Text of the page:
Moral: No Moral. Suggest us a moral of this fable in comment section.
I grant these facts: corruption sways,
Self−interest does pervert man’s ways;
That bribes do blind; that present crimes
Do equal those of former times:
Can I against plain facts engage
To vindicate the present age?
I know that bribes in modern palm
Can nobler energies encalm;
That where such argument exists
There itching is in modern fists.
And hence you hold that politicians
Should drive their nails on such conditions,
So they might penetrate sans bending,
And win your way past comprehending.
Premising no reflection’s meant,
Unto such doctrine I dissent.
The barrister is bound to plead
Upon the side on which he ‘s fee’d;
And so in every other trade
Is duty, by the guinea, paid.
Man, we are taught, is prone to evil—
That does not vindicate the devil:
Besides, man, in his own behoof,
Contrives to hide the cloven hoof.
Nor is corruption of late date,—
‘Twas known in every age and state;
And where corruption was employed
The public welfare was destroyed.
Next see court minions in disgrace,
Stripped of their treasure, stripped of place;
What now is all their pride and boast,—
The servile slave, the flattering host,
The tongues that fed him with applause,
The noisy champions of their cause?
They press the foremost to accuse
His selfish jobs and paltry views.
Ah, me! short−sighted were the fools,
And false, aye false, the hireling tools.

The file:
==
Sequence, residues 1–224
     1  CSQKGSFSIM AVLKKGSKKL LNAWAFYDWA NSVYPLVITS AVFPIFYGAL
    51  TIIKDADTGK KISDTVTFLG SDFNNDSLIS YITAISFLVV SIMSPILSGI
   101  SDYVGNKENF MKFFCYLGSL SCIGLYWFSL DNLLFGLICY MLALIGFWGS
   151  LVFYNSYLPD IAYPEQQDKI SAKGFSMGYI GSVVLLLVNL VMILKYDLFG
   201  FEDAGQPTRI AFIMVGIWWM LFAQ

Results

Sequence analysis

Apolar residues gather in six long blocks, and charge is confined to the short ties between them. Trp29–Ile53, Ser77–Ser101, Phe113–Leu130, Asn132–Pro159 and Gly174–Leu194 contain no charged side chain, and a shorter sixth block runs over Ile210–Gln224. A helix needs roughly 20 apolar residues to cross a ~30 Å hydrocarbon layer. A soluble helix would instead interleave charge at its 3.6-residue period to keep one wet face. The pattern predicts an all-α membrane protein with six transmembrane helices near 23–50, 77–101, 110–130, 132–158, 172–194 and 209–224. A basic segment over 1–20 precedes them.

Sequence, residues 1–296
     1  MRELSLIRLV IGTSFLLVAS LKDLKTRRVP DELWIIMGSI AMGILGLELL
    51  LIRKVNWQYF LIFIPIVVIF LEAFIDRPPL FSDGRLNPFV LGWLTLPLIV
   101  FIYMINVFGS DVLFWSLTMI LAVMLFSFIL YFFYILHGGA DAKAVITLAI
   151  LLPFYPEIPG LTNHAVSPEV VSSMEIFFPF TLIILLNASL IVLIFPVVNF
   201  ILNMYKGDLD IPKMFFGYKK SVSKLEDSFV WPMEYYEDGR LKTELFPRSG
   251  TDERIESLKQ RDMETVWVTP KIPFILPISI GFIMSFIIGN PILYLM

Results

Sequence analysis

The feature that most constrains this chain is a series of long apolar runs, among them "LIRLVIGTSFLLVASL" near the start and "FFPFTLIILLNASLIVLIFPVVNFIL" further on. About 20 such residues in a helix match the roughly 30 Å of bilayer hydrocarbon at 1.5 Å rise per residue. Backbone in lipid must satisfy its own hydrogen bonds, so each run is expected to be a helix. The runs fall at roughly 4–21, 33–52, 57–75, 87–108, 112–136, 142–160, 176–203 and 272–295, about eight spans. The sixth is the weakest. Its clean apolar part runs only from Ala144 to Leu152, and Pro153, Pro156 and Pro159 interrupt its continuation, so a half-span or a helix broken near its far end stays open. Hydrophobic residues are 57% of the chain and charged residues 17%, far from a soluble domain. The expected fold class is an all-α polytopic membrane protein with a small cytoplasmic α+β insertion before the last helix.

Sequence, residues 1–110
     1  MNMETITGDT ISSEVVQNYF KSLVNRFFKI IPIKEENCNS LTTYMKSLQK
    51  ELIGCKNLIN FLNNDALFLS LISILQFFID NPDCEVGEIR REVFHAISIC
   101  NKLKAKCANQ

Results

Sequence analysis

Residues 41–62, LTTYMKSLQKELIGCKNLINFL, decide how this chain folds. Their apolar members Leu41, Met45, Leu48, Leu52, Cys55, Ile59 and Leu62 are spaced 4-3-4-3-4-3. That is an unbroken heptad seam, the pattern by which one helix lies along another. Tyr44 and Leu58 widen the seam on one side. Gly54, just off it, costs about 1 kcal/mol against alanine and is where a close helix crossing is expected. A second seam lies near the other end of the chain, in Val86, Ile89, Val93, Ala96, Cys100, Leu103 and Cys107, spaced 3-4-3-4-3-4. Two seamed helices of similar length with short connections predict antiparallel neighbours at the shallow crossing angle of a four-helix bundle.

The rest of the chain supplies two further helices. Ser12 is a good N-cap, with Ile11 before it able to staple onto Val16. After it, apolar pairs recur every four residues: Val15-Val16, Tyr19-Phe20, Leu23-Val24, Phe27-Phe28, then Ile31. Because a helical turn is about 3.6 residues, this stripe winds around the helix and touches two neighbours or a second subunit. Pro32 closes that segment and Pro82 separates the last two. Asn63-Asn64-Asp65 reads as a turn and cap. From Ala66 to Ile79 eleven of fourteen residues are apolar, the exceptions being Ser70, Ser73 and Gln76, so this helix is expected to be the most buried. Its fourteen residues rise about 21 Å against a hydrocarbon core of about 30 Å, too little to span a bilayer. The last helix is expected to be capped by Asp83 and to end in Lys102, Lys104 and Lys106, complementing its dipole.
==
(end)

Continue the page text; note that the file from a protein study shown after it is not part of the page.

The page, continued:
Was it such sycophants to get
Corruption swelled the public debt?
This motto would not shine amiss—
Write, “Point d’argent et point de Suisse.”
The lion is the noblest brute,
With parts and valour past dispute,
And yet it is by all averred
His rule to jackalls is transferred.
A rascal jackall once on law
And property put down his paw.
The forest groaned brute−discontent,
And swore its injuries to resent:
The jackall heard it, and with fear
He saw disgrace approaching near.
He said and thought: “I must defeat
Malicious tongues, and guard my seat;
Strengthen myself with new allies,
And then this clamour may despise.”
Unto the generous brutes he fawned;
The generous brutes the jackall scorned.
What must he do? Friends must be made,
And proselytes by bribes be paid;
For think not a brute’s paw withstands
The bribe which dirties human hands.
A hog o’er cabbage said his benison;
The wolf was won by haunch of venison;
A pullet won the fox; a thistle
Tickled the donkey’s tongue of gristle.
But now the royal leopard rose
The tricksy jackall to oppose:
And as the rats will leave in lurch
The falling walls of house or church,
So did each briber cut and run
To worship at the rising sun.
The hog with warmth expressed his zeal,
So did the wolf for public weal,—
But claimed their venison and cabbage.
The fox the like—without disparage
Unto his perquisites of geese.
The donkey asked a common’s lease.
“Away,” the leopard said, “ye crew,
Whose conscience honesty ne’er knew!
Away, I say, with all the tribe
Who dare to ask or take a bribe:
Cudgels, and not rewards, are due
To such time−serving tools as you!”
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